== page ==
There are two more characters of great importance. One is Lucinda Embry's daughter, Diana Wayland (Rose Byrne), who enters John's life in a way that reaffirms the notion that nothing happens randomly. The other is Diana's daughter, Abby (also played by Lara Robinson), who, like Caleb, has been contacted by the creepy silhouetted figures, eventually called the Whispering People. Watch John and Diana as they search through Lucinda's abandoned home in the middle of the woods--the fear they express is disturbingly convincing.
Like last summer's "The X-Files: I Want to Believe," "Knowing" is one of the best cinematic surprises of recent memory, a meaningful and absorbing allegory made with intention of challenging the audience in matters of spirituality. It's difficult to say whether or not this film takes a religious stance; that would depend on your own view of the nature of the universe. There are, however, a number of religious implications, the least subtle of which is revealed in the final shot. This might account for some early reviews, where words like "overwrought" and "preposterous" came up. From my perspective, those who feel that way have failed to look any deeper than what was presented in the ads, which only scratched the surface. Contrary to what trailers and TV spots have been promising, this is not your average science fiction thriller. Serious time, effort, and thought went into "Knowing," one of the best films I've seen so far this year."
KNOWING...That You Can't Stop The End
Erik North | San Gabriel, CA USA | 03/31/2009
(4 out of 5 stars)
"While it may not really be the most credible science fiction film ever made, or even the best of its own sub-genre, the "End Of The World", KNOWING is a long way away from such incredible tripe as BATTLEFIELD EARTH or the recent (and thoroughly unnecessary) remake of THE DAY THE EARTH STOOD STILL. Its storyline isn't always credible, but it worked for me just the same.
The premise of KNOWING, in that an MIT professor played by Nicolas Cage, has discovered a parchment hidden in a time capsule at his son's school that was buried there fifty years ago with a random set of numbers that foretold of horrors that would befall us between 1959 and 2009, and the ultimate horror that would eliminate the human race, is a brilliant and even frightening one. It's especially so when he learns what the first sequence of numbers means--911012996, meaning of course the terrorist attacks of September 11, 2001, which killed 2,996 people.
Indeed, this is a film that involves both science and religion, which often seem to bump into one another both in the reel world and the real world. Cage gets involved because one of the disasters told in that parchment was an apartment fire in Phoenix that killed his wife and eighty others a few years back; and when he comes into contact with the daughter (Rose Byrne) of the disturbed schoolgirl who wrote the parchment, he desperately tries to protect himself, her, and their two children (Chandler Canterbury; Lara Robinson). In the end, however, knowing what the numbers on the parchment mean can only lead to the tragic conclusion that the film gets to eventually--that The End can't be stopped.
Despite some occasionally lame dialogue in the screenplay, KNOWING elicits a fair number of scares and plenty of suspense as it goes step by step towards The End. Its blend of science fiction and Biblical prophecy was, for me, rather interesting, because it did not totally dismiss the prophecy aspect out of hand (which so many on the far-right lunatic fringe say Hollywood has done for the longest time), and yet it also avoided the ham-fisted soapbox shouting of the "Left Behind" series. The special effects here, not surprisingly, are quite good, verging on operatic; and the music score by Marco Beltrami interestingly appropriates the ominous Allegretto movement of Beethoven's Symphony No. 7 at a couple of points in the film as a musical prelude to the inevitable.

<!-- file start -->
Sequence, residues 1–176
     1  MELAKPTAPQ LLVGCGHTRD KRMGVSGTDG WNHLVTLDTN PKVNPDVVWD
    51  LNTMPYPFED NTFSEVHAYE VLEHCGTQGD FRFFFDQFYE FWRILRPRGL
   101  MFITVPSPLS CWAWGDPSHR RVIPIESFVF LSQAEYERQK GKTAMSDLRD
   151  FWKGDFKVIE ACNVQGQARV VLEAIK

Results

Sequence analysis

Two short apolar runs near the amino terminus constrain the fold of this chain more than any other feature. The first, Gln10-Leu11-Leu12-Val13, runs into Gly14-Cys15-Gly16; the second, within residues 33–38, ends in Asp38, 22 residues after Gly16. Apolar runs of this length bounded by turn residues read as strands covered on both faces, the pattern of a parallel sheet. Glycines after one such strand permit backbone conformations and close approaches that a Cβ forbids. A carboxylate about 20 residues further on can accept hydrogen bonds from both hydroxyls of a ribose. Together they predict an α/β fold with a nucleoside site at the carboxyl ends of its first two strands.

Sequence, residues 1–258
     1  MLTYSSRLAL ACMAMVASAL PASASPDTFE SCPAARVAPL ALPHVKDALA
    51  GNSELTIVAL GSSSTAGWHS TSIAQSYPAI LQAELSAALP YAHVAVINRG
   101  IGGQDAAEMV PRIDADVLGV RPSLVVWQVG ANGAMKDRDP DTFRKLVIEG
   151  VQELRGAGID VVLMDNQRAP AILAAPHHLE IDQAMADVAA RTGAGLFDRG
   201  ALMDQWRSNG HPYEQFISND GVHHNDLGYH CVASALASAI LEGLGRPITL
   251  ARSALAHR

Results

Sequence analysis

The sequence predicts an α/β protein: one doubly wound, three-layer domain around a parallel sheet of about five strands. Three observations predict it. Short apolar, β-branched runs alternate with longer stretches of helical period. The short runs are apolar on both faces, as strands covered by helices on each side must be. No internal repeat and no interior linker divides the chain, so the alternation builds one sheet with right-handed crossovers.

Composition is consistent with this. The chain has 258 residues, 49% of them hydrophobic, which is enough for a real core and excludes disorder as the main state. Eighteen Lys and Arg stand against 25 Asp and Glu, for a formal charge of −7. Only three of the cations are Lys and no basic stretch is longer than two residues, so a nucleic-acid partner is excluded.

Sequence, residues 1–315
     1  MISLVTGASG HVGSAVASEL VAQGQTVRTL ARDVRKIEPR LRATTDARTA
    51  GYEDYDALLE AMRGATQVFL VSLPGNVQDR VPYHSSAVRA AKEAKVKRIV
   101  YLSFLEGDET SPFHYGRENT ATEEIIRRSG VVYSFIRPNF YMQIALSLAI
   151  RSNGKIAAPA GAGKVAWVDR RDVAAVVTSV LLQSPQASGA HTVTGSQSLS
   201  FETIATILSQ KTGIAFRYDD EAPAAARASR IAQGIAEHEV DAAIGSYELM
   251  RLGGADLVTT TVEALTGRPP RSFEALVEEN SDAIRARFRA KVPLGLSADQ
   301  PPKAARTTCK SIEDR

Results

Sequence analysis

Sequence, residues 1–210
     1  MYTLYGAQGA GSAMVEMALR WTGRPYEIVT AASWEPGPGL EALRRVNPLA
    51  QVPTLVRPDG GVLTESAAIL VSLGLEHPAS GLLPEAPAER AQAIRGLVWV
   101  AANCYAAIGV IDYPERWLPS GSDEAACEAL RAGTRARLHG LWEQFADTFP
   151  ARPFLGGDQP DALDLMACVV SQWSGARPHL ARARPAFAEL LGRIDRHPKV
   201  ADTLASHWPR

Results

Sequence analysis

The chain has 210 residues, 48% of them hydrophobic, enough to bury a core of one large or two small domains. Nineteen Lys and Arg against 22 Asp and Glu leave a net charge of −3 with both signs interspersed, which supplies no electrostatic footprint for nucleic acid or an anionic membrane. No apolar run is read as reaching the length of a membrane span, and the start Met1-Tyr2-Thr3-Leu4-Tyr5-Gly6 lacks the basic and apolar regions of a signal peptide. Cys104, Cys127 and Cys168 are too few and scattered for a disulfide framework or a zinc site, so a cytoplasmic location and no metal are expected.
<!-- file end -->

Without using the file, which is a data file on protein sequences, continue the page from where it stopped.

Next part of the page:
KNOWING probably won't go down as being among the best science fiction films ever, let alone of the End Of The World variety, but it works well enough, and it has provoked a lot of consideration about the impact of science and religion on the future of humanity."
John Blow | Hollywood, CA | 07/08/2009
(5 out of 5 stars)
"I noticed early on that "Knowing" had been receiving scathing reviews from cinephiles who called the movie "cliche," "trite," and "derivative." Most of these criticisms were impassioned and seemed to compare the movie to false estimations of what the film should have been. There is nothing wrong with wanting a movie to subvert or defy your expectations; but there is something unfair about not recognizing a film for what it is, especially when the movie succeeds so brilliantly in achieving its end result. "Knowing" starts off like a typical apocalyptic thriller rooted in numerology. But slowly the momentum of the film builds with each carefully crafted scene, so its suspense dissolves into a profound study on loss and letting go. "Knowing" is about knowing your place and role in the universe, and accepting it; and as hard as it may seem, letting go of your loved ones for their betterment -- even if its at odds with your own private longings. The ending could have played out many different ways -- with us not seeing where the children ultimately arrive so that Cage's character is left only "knowing" in his heart -- or having faith. Proyas is a benevolent director, so he allows us to see that the children indeed go on to a better place (whether this scene is the last thought in Cage's head or a scene that takes place outside of Cage's existence could be a subject of debate) because the story is trying to help us understand when it is necessary for our own peace to let go of our philosophical Materialism. I think it's unfair to label this movie as "cliche" -- Proyas and writers simply used the generic conventions of your standard "end of the world" movie to turn the genre on its head and give you something more lasting than special effects. For those of you who loved this movie -- read Arthur C. Clarke's "Childhood's End," a novel which Proyas alludes to in "The Knowing.""